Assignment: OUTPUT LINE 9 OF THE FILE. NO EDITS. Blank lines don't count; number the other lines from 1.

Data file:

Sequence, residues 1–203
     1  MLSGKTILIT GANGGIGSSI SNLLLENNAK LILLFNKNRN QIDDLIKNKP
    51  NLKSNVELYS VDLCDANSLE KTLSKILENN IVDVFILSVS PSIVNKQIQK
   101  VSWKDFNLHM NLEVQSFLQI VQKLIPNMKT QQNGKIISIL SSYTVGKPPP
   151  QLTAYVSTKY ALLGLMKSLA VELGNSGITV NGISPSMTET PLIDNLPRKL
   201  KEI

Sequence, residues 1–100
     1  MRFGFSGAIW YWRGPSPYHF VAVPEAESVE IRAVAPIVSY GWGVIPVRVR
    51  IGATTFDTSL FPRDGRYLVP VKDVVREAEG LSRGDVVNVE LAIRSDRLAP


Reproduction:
    51  IGATTFDTSL FPRDGRYLVP VKDVVREAEG LSRGDVVNVE LAIRSDRLAP